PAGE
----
PoliticsPA’s Celebrity Look-Alikes 2014

The resemblance is striking! Here are PA politicos and their celebrity doppelgangers.

You can also check out our 2013 and 2011 editions.

Cox Kane

Courteney Cox-AG Kathleen Kane

Danson Corbett

Gov. Tom Corbett-Ted Danson

Wolf Tucci

Tom Wolf-Stanley Tucci

Toomey Willis

’80′s Bruce Willis (with hair)-Sen. Pat Toomey


PA-8 Democratic Nominee Kevin Strouse-Andrew Garfield

Casey Lloyd

Sen. Bob Casey-Sam Lloyd (Ted from Scrubs)

McGinty MacDowell

Andie MacDowell-Fmr. DEP Secretary Katie McGinty

Costello Wilson

Luke Wilson-PA-6 Republican Nominee Ryan Costello

7/25 Ups & Downs

A credit downgrade, a listicle and a gun. Who says summer is boring and predicable? See who made this week’s list.

Up Arrow1PA Employment. The state added 1,800 jobs last month and the unemployment rate stayed flat at 5.6%. In fact, PA’s unemployment rate has dropped 2.5% over the last nineteen months. We’d give this arrow to Governor Corbett but as polling has shown, leaders get the blame when the economy is bad but don’t get the credit when the economy is good (there’s a guy down in Washington who can sympathize).

Down ArrowCredit Rating. This week’s the credit rating agency Moody’s downgraded Pennsylvania’s rating from Aa2 to Aa3. There was (of course) much partisan finger-pointing but the firm blamed budgetary tricks and the state’s burgeoning pension obligations. Regardless of blame, this was bad news for everyone.

Up Arrow1Pat Toomey. How can we not give an up arrow to the man who has successfully become a Buzzfeed contributor? Besides reminding everyone of the commonwealth’s abundant supply of home-grown entertainers (from Grace Kelly to Will Smith to Taylor Swift) it’s an unconventional way to reach voters. The Senator also made headlines this week for his call for harsher against Vladimir Putin. As a member of the legislative branch, Toomey has the advantage of denouncing a man everyone hates without any negative consequences.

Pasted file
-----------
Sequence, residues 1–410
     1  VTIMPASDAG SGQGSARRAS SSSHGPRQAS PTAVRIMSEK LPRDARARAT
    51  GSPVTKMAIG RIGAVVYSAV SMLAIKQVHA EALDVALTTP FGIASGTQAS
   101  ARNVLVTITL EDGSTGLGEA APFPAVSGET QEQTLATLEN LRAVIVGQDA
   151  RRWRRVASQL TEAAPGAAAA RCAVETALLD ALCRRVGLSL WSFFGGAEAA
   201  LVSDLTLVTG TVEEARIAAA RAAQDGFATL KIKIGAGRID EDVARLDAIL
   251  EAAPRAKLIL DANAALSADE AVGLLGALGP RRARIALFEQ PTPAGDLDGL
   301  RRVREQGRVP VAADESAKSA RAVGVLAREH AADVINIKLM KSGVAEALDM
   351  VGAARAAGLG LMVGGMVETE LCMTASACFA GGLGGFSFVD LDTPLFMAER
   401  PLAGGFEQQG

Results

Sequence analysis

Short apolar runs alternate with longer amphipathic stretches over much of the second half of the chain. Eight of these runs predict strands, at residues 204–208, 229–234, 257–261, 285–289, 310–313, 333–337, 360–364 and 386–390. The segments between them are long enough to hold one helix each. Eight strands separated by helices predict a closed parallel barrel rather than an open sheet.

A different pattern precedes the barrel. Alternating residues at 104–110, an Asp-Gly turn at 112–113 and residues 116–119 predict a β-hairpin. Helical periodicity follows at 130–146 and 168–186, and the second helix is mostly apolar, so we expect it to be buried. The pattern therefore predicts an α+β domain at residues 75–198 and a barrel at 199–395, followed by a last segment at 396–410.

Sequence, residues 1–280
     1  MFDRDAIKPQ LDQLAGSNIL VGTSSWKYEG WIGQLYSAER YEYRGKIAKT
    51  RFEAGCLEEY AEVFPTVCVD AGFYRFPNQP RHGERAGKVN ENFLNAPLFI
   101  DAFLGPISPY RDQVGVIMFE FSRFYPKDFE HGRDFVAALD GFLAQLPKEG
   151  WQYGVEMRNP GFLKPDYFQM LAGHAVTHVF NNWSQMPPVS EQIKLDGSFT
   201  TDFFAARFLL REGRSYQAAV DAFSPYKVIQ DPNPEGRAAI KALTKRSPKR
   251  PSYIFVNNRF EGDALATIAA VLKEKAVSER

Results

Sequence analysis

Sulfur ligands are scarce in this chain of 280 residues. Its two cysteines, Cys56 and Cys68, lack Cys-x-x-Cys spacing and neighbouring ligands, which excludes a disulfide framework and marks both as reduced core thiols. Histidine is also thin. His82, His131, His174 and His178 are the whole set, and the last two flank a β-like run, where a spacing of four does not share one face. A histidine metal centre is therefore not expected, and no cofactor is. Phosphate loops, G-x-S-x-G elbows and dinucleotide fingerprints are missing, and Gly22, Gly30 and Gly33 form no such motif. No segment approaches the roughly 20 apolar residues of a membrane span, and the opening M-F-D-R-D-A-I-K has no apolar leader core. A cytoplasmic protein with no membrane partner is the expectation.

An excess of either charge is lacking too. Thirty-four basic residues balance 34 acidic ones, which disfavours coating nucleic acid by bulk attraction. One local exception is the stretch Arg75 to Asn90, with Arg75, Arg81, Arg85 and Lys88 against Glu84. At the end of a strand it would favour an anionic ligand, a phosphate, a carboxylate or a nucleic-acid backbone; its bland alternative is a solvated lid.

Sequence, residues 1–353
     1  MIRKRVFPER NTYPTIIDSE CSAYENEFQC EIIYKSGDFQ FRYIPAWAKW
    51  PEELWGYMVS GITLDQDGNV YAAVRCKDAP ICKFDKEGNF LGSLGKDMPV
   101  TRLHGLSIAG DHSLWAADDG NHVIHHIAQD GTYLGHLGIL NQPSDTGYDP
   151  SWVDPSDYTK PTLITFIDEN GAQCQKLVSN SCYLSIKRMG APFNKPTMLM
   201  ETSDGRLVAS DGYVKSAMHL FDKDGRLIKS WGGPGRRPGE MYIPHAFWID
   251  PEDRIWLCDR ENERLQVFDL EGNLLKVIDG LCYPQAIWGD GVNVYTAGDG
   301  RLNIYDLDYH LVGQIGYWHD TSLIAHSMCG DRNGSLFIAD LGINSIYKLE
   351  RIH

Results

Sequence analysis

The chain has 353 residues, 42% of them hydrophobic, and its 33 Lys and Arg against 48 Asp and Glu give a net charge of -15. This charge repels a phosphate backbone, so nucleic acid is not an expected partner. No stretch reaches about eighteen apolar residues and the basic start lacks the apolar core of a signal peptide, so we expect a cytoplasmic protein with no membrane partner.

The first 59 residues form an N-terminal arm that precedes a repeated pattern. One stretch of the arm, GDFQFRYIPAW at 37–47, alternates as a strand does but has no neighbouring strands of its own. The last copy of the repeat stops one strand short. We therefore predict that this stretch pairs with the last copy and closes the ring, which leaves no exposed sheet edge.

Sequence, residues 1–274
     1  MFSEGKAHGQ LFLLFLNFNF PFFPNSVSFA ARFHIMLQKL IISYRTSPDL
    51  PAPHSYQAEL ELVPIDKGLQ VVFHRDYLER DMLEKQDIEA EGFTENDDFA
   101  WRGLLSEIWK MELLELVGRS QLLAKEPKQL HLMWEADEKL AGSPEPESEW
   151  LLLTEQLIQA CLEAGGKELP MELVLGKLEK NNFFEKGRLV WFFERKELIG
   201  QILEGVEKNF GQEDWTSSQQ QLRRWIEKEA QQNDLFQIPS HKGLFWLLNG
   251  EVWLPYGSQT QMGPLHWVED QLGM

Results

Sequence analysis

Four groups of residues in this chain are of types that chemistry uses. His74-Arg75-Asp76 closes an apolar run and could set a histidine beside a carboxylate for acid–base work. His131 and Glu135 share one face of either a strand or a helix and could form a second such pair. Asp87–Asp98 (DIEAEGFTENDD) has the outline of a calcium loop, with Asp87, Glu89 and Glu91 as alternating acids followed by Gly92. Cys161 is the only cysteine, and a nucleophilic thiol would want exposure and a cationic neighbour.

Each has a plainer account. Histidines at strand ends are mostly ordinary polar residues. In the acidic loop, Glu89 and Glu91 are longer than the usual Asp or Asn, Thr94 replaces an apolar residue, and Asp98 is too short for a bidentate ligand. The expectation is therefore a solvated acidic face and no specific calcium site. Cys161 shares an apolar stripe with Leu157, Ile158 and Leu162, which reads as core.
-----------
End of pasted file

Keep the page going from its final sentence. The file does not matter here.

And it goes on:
Down ArrowCharlie Dent. Nearly every member of Congress takes advantage of the traveling perks and PA’s Representatives are no exception. Unfortunately for Rep. Charlie Dent, though, he led the pack among the state delegation. Congressman Dent and his staff took fifteen such trips over the past two years and serves on the House Ethics Committee that approves all these expenditures.

Down ArrowTom Marino. Rep. Marino found himself at the center of an unwelcome situation last Friday when his press secretary was arrested for attempting to bring a gun into the Cannon House Office Building. Ryan Shucard was charged with carrying a pistol without a license and was placed on leave. Shucard has pled not guilty, however, so this story probably isn’t going away anytime soon.

The tweet of the week goes to Philadelphia Daily News reporter William Bender for admitting what we all secretly do, even if we’re too ashamed to admit it, click on Internet ads.

June Jobs Report: Unemployment Rate Remains Steady at 5.6%

Unemployment-300x225The latest jobs report is in, showing a steady unemployment rate and an increase in private sector jobs.

The state job numbers will play a major role in the 2014 campaign so this is an ongoing PoliticsPA feature.

The Good News:

Pennsylvania’s unemployment rate, 5.6%, is better than the nation average (6.1%) and is the lowest its been since September 2008.

Around 1,800 jobs were added during the month of June. Most of the growth came from the private sector, which saw an increase of 5,600 jobs.

The biggest gains in June occurred in the construction industry (2.7%), trade, transportation and utilities industry (5.3%), and in financial activities (2.6%).

Gov. Tom Corbett, who faces a tough reelection bid against Democratic nominee Tom Wolf, was pleased with the numbers.

“The people of our state didn’t send me to Harrisburg to make friends, they sent me to build a stronger Pennsylvania, and we continue to see that vision reflected in another positive jobs report,” Corbett said in a statement.  “We have now created 184,000 new private sector jobs and have more people working in our private sector than at any other point in the history of the Commonwealth.  That’s our vision – and that is the stronger Pennsylvania we will continue building over the next four and a half years.”

The Pennsylvania GOP also lauded the latest jobs report.

“Tom Corbett’s policies have created a culture of job growth in Pennsylvania,” Chairman Rob Gleason said. “Today’s jobs report is great news for our Commonwealth. When Governor Corbett was sworn into office, he was faced with an unemployment rateover 8%.  Tom Corbett’s efforts have lowered the unemployment rate to 5.6%, well below the national average. Under the leadership of Governor Tom Corbett, 184,000 Pennsylvanians are going back to work, and he’s not done yet.”

In the eyes of Republicans, another positive jobs report can only bolster Corbett’s chances in November.

The Not So Good News:

The unemployment rate for June stayed the same as from May. This breaks a streak of ten straight months of the state’s rate dropping.

Additionally, while private employment increased, 3,800 public sector jobs were lost.

Finally, the total civilian workforce declined by 28,000 to 6,403,000 while resident employment decreased by 22,000.

7/18 Ups & Downs